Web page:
Edward George Earl Bulwer-Lytton, 1st Baron Lytton (May 25, 1803–January 18, 1873) was a dark and stormy playwright, novelist, poet, and author of most-high renown, widely honoured and much acclaimed by contemporaries of his age, but also by the adoration of the common man—not simply in celebration of the rare and exceptional nature of his fluid and fertile prose, though that in no small part was highly contributive to the eventual formation of his subsequent legacy amongst the literary giants of the 19th century—but also for his artful and beguiling integration of his blessed endowment in the initiation and furtherence of a rather enviable political career.
May the 25th of the year 1803 curtained under the cloak of a dark and stormy night, with rain falling in torrents—except at odd intervals, when it was given pause by the violent gusts of wind over the windswept steppes and blustery streets of Olde London Towne (for it is in London that the tale of our esteemed dramatist auspicates—by the event of his own birth, no less)—clattering along the loosened shingles of random housetops, and menacingly threatening and tearing at the meagre flames in the lamps that served as the lone mutineers against the inevitable plunge into darkness.
The spectre of death did spare young Edward that night, choosing instead to bide its time reveling and savouring in the sweet memories of its own iniquity—tasting in the wicked delicacy of past wrongs, much as one might remember fondly childhood expeditions to the sweetshop—from the lustful anticipation of savoury confections and sweet ambrosia just out of reach, to the unrestrained orgy of indulgence in sinful sensation of satisfied satiation.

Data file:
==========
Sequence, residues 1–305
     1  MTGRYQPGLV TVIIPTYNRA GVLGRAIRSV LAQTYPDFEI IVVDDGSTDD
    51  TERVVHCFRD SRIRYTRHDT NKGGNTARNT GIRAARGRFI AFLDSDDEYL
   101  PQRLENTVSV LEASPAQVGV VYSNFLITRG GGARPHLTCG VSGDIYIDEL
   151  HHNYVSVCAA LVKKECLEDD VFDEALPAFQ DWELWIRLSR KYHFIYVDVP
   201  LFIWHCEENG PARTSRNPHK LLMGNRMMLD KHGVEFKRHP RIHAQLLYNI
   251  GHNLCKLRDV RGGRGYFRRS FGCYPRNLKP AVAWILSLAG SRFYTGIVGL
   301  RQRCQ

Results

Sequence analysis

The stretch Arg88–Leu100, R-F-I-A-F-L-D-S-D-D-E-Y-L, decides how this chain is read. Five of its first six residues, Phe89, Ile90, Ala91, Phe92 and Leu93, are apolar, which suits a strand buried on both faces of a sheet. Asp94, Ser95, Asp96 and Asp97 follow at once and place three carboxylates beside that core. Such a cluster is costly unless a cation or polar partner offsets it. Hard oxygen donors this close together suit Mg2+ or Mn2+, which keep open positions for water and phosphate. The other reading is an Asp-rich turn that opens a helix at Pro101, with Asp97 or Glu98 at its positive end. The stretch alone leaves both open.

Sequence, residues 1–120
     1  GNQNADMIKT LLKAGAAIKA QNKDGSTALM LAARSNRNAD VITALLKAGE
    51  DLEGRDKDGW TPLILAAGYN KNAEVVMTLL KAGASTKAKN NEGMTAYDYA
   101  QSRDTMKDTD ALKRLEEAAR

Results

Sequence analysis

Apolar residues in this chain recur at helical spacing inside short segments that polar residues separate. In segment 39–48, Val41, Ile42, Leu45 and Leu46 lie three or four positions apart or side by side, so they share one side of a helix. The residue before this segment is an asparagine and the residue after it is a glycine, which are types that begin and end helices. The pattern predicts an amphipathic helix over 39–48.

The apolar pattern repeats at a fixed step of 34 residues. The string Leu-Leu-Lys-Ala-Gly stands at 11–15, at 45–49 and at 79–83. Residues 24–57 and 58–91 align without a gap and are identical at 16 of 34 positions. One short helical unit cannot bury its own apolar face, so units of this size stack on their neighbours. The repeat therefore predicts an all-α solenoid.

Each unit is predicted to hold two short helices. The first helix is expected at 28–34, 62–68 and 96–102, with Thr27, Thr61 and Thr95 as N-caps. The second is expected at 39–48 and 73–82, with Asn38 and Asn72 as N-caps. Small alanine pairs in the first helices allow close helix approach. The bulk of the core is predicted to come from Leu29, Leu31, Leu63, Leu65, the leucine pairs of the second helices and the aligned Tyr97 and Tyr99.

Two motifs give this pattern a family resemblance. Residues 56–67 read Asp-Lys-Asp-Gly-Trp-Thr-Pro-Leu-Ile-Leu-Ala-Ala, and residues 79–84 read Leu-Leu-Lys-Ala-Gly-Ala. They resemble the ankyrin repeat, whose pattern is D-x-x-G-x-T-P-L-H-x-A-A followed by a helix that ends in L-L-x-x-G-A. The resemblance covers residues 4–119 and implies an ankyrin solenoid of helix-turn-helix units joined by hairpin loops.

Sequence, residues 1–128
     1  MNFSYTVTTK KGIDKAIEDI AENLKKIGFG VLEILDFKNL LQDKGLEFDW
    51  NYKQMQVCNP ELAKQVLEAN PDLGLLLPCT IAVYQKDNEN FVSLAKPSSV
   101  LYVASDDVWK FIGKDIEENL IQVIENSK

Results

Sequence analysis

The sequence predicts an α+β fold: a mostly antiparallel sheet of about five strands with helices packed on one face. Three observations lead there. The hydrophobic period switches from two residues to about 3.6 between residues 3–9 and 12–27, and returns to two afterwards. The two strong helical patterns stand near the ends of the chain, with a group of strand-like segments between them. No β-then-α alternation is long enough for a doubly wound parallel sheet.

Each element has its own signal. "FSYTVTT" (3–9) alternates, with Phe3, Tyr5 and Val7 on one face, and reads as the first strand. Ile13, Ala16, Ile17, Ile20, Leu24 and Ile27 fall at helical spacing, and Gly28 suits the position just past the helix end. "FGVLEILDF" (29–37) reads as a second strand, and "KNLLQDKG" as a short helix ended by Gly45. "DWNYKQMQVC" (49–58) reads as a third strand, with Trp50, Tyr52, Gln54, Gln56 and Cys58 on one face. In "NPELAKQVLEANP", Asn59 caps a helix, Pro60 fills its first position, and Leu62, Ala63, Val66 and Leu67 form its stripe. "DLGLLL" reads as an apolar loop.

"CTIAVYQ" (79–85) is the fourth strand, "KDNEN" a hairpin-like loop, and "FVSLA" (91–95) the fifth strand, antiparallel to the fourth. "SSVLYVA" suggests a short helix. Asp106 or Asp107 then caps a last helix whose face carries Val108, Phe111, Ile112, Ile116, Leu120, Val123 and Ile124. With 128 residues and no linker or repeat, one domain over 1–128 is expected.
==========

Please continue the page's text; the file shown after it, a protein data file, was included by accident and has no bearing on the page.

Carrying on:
End of days did come upon Edward's father, signalled by an ominous knock on the door by The Reaper's own scythe, delivered when Edward was but a child of four years, tearing from him depravedly the innocence that once dwelled within—leaving only wrath, but not the words to express it.
Come adulthood, Edward had been wrought into a tormented being of tangled neuroses, precociously predatory and given to fits of irrationally long and wandering prose—needlessly expounding intricacies beyond all reason, cause, or explanation—ostensibly from some inner perception of inadequacy and resulting need to feign superiority through tedious volubility and utterance, but perhaps more so to occupy a mind irrecoverably fraught with torturous guilt over unresolved loss.
Soon and with clarity upon him, he found ultimate purpose. Though bereft of elegant phraseology, good Edward did plod along in the ill fecundation of many an otiose tome with half-effaced characters, never encumbered by the pedestrian necessity of gainful employment, but supported in his wretched inutility by a modest allowance dutifully bestowed by his mother in supplement to his unenviable sales. 'Twas at a book signing in May of 1827 that his future uxor Rosina Doyle Wheeler (1802-1882) did present herself, less by happenstance than by deliberate design, along with all the Bulwer-Lytton books she had ever purchased—indeed, in material possession of all the books that good Edward had ever sold—
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- Paul_Clifford — The complete book by Baron Edward Bulwer-Lytton, courtesy of Project Gutenberg.